North Korean leader Kim Jong Un has recently called K-pop, a genre of music popular in South Korea, as a "vicious cancer" that merits execution.
The 37-year-old North Korean leader has recently waged an anti-Kpop campaign in his country, imposing harsh penalties on citizens caught listening to "perverse" music from South Korea, according to internal documents smuggled out of the Democratic People's Republic of Korea (DPRK) Daily NK. The New York Times first reported the leak Friday and was later made publicly available by legislators in South Korea.
According to the North Korean state media, the "attire, hairstyles, speeches and behaviors" of Korean pop idols could make DPRK "crumble" if left unchecked. The North Korean government has since rallied against the "anti-socialist" influences they claimed were spreading through South Korea movies, Korean dramas and Korean music videos.
To counter the spread of South Korean media materials, Kim introduced a new set of laws in December. Under the legislation, anyone caught watching or possessing content from South Korea could receive up to 15 years of hard labor.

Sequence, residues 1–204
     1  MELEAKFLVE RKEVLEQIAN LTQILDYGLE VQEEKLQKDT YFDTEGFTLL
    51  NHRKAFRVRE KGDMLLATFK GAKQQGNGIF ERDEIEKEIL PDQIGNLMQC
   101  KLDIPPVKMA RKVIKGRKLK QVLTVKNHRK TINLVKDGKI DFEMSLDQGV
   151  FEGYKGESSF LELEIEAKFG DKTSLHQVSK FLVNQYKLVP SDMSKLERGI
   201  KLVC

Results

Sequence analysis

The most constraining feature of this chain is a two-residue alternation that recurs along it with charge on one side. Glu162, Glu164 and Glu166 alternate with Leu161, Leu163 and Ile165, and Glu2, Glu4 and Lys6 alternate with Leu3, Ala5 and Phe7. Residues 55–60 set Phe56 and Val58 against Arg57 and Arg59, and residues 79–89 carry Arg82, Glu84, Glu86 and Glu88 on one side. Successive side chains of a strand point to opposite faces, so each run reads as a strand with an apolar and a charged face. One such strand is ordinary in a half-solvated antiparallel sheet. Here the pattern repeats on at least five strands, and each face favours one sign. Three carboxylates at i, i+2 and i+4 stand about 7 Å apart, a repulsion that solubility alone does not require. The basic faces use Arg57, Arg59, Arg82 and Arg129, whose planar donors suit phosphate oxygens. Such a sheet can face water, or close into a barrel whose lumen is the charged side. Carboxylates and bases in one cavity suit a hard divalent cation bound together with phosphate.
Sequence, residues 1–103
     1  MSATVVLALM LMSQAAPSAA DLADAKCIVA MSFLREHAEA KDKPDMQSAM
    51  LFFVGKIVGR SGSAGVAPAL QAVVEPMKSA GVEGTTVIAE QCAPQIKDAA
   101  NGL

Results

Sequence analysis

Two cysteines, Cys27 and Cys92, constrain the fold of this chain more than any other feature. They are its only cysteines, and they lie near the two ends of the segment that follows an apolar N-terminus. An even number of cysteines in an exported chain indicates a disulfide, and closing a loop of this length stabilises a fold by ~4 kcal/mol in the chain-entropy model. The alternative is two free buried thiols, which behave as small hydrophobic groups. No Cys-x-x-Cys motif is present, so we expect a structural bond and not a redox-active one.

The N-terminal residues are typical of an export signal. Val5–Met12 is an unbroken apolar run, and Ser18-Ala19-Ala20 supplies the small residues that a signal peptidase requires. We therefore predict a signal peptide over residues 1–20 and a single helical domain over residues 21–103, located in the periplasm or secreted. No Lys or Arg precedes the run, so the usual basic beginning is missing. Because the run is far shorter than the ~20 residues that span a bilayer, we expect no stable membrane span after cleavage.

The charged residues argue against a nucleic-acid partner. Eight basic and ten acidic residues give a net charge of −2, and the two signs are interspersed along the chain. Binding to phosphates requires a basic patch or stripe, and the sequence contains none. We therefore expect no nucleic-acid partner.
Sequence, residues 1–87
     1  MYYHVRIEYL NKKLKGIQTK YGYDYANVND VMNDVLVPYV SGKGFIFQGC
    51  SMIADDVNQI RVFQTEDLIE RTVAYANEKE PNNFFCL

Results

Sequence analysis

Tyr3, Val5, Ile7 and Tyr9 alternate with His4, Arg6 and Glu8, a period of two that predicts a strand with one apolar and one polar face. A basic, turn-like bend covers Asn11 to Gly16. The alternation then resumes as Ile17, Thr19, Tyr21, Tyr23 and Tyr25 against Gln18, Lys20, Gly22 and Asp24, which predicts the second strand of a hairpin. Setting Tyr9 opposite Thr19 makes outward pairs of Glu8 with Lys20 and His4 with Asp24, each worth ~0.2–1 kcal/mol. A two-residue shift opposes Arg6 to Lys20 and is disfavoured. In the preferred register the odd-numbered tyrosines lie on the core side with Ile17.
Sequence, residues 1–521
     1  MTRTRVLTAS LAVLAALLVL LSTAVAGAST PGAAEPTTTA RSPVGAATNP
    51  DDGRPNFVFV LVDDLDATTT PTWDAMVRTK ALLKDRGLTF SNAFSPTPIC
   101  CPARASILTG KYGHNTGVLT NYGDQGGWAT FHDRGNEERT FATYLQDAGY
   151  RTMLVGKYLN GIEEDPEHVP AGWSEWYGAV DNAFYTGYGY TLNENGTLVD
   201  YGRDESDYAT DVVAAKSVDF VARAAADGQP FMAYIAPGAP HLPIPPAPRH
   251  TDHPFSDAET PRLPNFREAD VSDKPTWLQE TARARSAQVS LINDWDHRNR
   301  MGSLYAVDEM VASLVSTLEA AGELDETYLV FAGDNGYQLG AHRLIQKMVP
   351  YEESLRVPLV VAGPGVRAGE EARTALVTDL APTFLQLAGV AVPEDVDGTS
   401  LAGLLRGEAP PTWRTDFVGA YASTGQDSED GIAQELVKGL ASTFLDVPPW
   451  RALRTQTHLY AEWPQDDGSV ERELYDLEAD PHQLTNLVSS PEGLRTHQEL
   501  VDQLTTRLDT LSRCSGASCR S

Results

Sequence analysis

Until December, North Koreans would receive five years of punishment for being fans of popular South Korean acts, including BTS.
Earlier this year, Kim asked his execution squad to shoot and kill Lee, a chief engineer at the Wonsan Farming Management Commission, after he was caught secretly selling devices loaded with South Korean material.
Lee was executed by firing on April 25, forty days after his arrest. Authorities fired twelve shots before Lee's body was rolled into a straw sack and loaded into a box. Lee's immediate family members were forced to stand in the front row during the execution, according to Daily NK.
"The family's neighbors burst into tears when they saw the four security guards picking up Lee's collapsed wife and throwing her [into the cargo van] like a piece of luggage, but they had to clamp their mouths shut and weep in silence for fear of being caught in the criminal act of having compassion for a reactionary," the source added.
South Korean Propaganda
Propaganda launched by North Korea describes South Korea as a land crawling with beggars. However, DPRK millennials, through smuggled K-dramas, learned that people in South Korea took diets to lose weight while they suffer through famine.
Korean slang and accents have also begun infiltrating everyday conversations in North Korea. Women have begun calling their boyfriends and partners "oppa" - a term for "honey" often used in South Korean dramas, instead of "comrade," which is mandated by the state.
This is not the first time Kim has imposed new rules to crack down on tendencies his state considers "anti-socialist."
In April, Kim outlawed mullets and skinny jeans in an effort to cut off Western-style fashion trends, according to Fox News.
The state government has also blocked all access to the global internet. Radios and televisions are also preset to only receive broadcasts from the North Korean regime. Disciplinary squads also stop men with long hair or women wearing short skirts or tight trousers.